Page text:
#5OnMyTBR: Poetry

Hello Mondays, welcome back to #5OnMyTBR, a meme created by the wonderful E @ The Local Bee Hunter’s Nook. This bookish meme gets us to dig even further into our TBRs by simply posting about five books on our TBR! You can learn more about it here or in the post announcing it. You can find the full list of prompts (past and future) at the end of this post!

This week’s prompt is: Poetry.

Continue reading “#5OnMyTBR: Poetry”

The Poet X by Elizabeth Acevedo – #BookReview

Goodreads: The Poet X
Genre: Young Adult Contemporary, Poetry

Xiomara Batista feels unheard and unable to hide in her Harlem neighborhood. Ever since her body grew into curves, she has learned to let her fists and her fierceness do the talking.

But Xiomara has plenty she wants to say, and she pours all her frustration and passion onto the pages of a leather notebook, reciting the words to herself like prayers—especially after she catches feelings for a boy in her bio class named Aman, who her family can never know about. With Mami’s determination to force her daughter to obey the laws of the church, Xiomara understands that her thoughts are best kept to herself.

So when she is invited to join her school’s slam poetry club, she doesn’t know how she could ever attend without her mami finding out, much less speak her words out loud. But still, she can’t stop thinking about performing her poems.

Because in the face of a world that may not want to hear her, Xiomara refuses to be silent. 

An honest and beautiful book written in a unique format about a young woman finding herself and her place a world that tells her she’s too much or not enough through the art of spoken word poetry. Would 100% recommend listening to the audiobook while following along with the book!

This was my first time reading a novel in this format, poetry, and while it made it a really unique, enjoyable and fast read, I also felt a little disconnected to many of the characters, except Xiomara. Of course, this was her story. Her thoughts and emotions come through very strongly through Acevedo’s writing and what made me appreciate the style more was listening to it being read by the author on audiobook (which I followed along to with the physical book). The author herself is a spoken word poet and I loved that this was the something that Xiomara was so passionate about. Following Xio’s journey of finding herself through poetry, navigating first love with Aman, maintaining the close bond with her twin Xavier and her best friend Caridad, and dealing with the tumultuous relationship with her extremely pious mother was a very intimate experience.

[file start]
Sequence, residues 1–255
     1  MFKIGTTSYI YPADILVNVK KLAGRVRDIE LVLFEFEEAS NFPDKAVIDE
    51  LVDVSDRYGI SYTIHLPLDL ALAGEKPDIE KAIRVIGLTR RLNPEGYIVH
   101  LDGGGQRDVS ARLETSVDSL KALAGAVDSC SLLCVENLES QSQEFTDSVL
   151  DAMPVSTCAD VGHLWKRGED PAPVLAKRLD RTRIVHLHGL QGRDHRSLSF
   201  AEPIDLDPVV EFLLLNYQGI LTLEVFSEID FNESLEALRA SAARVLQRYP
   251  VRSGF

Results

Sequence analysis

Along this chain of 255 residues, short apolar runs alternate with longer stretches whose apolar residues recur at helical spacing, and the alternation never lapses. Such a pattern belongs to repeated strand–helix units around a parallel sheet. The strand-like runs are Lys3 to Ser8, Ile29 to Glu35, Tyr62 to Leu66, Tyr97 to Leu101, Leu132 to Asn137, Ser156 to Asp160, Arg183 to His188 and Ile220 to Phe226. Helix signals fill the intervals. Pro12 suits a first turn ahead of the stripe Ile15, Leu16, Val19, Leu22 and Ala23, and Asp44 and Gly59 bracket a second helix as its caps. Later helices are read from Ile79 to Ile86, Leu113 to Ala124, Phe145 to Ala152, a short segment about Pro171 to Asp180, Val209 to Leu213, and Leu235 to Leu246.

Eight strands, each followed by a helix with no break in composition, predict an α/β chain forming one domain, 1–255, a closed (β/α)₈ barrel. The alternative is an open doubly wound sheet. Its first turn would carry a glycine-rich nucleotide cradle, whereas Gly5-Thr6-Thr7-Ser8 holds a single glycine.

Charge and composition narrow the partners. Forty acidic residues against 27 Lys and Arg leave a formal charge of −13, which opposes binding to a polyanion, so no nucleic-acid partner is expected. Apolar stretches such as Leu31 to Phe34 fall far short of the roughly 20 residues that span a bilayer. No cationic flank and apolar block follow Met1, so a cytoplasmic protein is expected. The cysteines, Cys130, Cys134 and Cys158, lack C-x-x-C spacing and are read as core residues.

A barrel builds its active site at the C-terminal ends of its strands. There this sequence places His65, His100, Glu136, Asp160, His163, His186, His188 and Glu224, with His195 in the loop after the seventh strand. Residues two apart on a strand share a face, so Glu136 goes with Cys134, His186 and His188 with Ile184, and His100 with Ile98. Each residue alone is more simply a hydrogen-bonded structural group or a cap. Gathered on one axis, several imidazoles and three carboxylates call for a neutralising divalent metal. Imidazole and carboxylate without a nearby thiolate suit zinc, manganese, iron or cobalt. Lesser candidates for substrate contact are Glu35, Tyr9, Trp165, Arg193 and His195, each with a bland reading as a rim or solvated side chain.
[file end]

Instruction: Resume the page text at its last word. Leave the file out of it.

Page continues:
“And I think about all the things we could be if we were never told our bodies were not built for them.” 

There are a lot of issues tackled within this story and considering it’s told in verse, I thought that they were explored well. Xiomara is a very empowering, driven and smart character who was trying so hard to find her place and where she fit in a society where she has been over sexualized and objectified, and made to feel not good enough. She has for so long let her fists do her talking for her until the day she discovers slam poetry. The way she slowly comes to understand how she sees the world, where she fits in the world, and grows to find beauty in her skin through the power of spoken word poetry is so very beautiful.

“When has anyone ever told me
I had the right to stop it all
without my knuckles, or my anger,
with just some simple words.”

That said, I found the ending quite rushed. After the big incident at her house where the story reached a very heartbreaking and infuriating climax, I thought the issues between Xio and her mother were resolved very quickly and not in a very satisfying way. I was hoping for it to be hashed out a bit more, and although we experience some of the process, it felt like a “too clean” resolution; especially when the tension and misunderstanding was so high, only for everything to be good again in a short time. Especially when this conflict between the two women was such a big part of the story. I wished we’d gotten to really see how Xiomara and her mother came to terms with their vast differences because what happened between them was big and slightly frightening. While I love a happy ending (and maybe I’m just too jaded for saying this lol) this was such a picture perfect one that it felt a little unrealistic.

“I only know that learning to believe in the power of my own words has been the most freeing experience of my life. It has brought me the most light. And isn’t that what a poem is? A lantern glowing in the dark.” 

Another thing that disappointed me just a little was that we never got to see the poem that she recited at the final show. This is just my gripe but I was so excited to read what she spoke about and I was honestly really sad that we didn’t get to experience it.

“Late into the night I write and the pages of my notebook swell from all the words I’ve pressed onto them. 
It almost feels like the more I bruise the page the quicker something inside me heals.” 

Overall though, this was a beautifully told story and I think it’s one that many young women who don’t feel comfortable in their skin, or who are still looking for a way to fit in as they are, will be able to relate to and feel empowered by. Did I mention that this was extremely quotable? I’m very keen to read more from Acevedo!

Have you read The Poet X? Loved it? Hated it? Felt ‘meh’ about it?
Leave me a comment below and let’s chat!